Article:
For consumers, these security features grant peace of mind. People are more likely to order expensive items online if they know they will arrive safely. For companies, the added security is even more valuable. It allows them to track and mitigate losses early on by answering questions like where a package was stolen from, who’s responsible, and where it ended up.
As for the security of The Box’s contents, there are plenty of sensors to handle the job. It senses humidity, shock, and temperature changes to ensure items are ideally stored while they are in transit.
Creating a Circular Logistics Economy
Many wonder how it’s possible to convince companies to switch from extremely cheap cardboard boxes to something as techy—and expensive—as The Box. The answer, like many things in today’s world, is a service model.
LivingPackets doesn’t actually sell The Box. Instead, it charges customers per use via a “packaging as a service” model. This helps make it easier for companies to adopt the smart boxes without massive upfront costs.
Seeing as there are a lot of advantages to using The Box, it might just catch on—especially if LivingPackets can get the price to a point that’s comparable to using cardboard.
It also has a clever plan to ensure The Box stays in circulation and gets reused. The startup will operate partnerships that allow consumers to use The Box they receive as a pre-paid container for certain purposes. For instance, they can load it up with old electronics they want to donate. Then, LivingPackets changes the shipping label and sends it to the correct destination.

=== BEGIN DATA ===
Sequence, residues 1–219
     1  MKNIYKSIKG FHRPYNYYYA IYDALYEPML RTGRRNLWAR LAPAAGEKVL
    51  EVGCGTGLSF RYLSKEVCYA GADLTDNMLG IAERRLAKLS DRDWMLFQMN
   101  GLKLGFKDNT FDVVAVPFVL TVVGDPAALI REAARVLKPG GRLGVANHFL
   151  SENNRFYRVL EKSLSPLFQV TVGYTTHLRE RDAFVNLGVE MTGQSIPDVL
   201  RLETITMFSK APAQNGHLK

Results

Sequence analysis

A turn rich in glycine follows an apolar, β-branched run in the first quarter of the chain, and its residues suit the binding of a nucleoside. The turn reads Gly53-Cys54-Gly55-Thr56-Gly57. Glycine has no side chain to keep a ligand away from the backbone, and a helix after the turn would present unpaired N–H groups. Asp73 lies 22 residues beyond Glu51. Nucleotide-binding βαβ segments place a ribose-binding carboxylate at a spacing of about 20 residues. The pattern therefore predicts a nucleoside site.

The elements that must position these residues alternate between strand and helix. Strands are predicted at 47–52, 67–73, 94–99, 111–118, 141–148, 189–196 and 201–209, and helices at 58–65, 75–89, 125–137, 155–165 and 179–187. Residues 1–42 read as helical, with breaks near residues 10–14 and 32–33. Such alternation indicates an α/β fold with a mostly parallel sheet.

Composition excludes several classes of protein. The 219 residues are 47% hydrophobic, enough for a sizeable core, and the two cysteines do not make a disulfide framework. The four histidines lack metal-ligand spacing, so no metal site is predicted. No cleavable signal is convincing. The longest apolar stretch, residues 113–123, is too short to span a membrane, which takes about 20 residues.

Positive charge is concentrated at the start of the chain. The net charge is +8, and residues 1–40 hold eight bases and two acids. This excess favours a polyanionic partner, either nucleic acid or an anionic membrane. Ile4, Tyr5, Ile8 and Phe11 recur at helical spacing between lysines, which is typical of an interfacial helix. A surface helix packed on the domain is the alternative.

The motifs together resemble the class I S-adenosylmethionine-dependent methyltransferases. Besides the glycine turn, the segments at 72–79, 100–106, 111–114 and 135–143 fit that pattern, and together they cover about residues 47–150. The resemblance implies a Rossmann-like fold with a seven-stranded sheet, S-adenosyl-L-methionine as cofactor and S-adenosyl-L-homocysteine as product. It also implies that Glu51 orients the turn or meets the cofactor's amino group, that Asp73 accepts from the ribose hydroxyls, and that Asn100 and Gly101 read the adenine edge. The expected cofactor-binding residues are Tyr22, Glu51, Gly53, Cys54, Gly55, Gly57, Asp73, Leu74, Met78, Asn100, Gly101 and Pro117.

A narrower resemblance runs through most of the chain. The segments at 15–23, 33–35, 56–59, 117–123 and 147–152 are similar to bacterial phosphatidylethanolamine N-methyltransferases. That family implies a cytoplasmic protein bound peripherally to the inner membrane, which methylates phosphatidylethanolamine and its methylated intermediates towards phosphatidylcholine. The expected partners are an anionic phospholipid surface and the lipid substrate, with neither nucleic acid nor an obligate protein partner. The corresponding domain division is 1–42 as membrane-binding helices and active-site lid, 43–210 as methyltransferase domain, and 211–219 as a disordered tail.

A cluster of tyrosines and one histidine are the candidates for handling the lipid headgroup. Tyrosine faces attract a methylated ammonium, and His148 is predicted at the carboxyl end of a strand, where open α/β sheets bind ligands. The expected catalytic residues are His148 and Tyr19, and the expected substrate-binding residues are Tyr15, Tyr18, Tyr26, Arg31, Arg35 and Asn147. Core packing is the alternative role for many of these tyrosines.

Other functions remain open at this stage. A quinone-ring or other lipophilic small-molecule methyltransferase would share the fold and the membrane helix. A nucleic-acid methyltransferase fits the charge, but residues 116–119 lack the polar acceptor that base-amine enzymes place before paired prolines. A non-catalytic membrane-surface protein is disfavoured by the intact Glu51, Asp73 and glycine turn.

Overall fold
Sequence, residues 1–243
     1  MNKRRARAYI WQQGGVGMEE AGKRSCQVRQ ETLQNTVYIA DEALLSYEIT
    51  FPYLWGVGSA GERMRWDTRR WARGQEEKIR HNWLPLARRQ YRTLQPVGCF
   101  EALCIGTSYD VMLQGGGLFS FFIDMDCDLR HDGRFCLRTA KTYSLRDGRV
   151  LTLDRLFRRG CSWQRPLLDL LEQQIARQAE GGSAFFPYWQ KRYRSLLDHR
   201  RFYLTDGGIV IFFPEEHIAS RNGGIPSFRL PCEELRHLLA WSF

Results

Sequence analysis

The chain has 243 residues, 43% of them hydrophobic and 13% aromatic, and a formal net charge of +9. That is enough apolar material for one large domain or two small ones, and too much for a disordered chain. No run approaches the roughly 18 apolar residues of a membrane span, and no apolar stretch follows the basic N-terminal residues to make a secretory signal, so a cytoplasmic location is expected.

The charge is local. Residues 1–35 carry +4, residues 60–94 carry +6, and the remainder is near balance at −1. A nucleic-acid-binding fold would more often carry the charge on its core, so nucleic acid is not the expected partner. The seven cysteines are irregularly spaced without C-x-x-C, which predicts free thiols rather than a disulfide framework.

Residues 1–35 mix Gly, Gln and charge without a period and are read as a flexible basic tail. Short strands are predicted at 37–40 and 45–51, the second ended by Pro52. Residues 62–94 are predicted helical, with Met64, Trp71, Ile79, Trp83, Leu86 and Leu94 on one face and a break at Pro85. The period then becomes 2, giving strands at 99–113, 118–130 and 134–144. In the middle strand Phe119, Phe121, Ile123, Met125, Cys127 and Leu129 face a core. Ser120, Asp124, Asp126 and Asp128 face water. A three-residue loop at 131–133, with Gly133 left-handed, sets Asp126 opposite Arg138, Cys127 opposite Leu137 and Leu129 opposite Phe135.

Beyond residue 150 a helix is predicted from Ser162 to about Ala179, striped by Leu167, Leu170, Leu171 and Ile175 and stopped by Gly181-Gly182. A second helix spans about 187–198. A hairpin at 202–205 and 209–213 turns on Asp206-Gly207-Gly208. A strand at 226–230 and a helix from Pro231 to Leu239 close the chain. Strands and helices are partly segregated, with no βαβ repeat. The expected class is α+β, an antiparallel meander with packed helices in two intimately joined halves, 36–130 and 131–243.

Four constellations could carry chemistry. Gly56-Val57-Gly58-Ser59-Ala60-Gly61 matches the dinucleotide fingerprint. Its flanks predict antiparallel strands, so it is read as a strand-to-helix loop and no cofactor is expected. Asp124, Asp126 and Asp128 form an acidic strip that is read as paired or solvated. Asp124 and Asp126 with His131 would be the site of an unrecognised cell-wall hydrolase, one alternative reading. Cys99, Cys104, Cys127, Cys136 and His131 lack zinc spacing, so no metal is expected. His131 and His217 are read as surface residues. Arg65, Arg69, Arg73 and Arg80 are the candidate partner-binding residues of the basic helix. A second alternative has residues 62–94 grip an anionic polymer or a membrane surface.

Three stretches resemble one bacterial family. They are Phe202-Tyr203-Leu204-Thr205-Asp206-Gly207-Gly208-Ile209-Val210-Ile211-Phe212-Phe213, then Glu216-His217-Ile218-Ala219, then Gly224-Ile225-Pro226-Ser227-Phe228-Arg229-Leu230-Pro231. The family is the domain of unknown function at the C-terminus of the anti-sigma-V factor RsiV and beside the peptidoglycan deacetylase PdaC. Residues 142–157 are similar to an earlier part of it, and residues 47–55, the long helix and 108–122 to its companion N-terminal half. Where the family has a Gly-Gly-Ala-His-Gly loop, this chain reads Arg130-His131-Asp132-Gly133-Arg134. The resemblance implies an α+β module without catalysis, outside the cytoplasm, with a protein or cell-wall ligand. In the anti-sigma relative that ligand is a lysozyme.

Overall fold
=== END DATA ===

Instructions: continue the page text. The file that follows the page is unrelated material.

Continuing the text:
Of course, consumers also have the option of shipping The Box themselves. If they sell something on eBay or Etsy, they can purchase a shipping label online, update The Box’s display, and send the package on its way.
To help alleviate health concerns related to reusing boxes over and over, LivingPackets is adding antibiotic coatings to The Box. It is also working on protections to avoid spreading COVID-19.
Overall, the idea of creating a circular logistics economy is a good one. It would help reduce the amount of shipping waste and provides a handy service to customers. The key will be getting it to catch on at a meaningful scale.
What Comes Next?
LivingPackets, despite its novel strategy, is facing an uphill battle. The startup is attempting to disrupt a market that has been more or less operating the same way for a century.
Currently, it relies on crowdfunding and employees taking less-than-competitive wages to get its idea off the ground.
Co-founder Alexander Cotte explains, “Obviously all the people working for us believe deeply in what we’re doing. They’re willing to take a step back now to create value together and not just take value out of an existing system.”
Despite the challenges, LivingPackets could make an impact with The Box. If it is able to secure a few partnerships with key distribution channels, the idea could catch on quickly. If not, the idea of smart boxes might fizzle out before it gets started.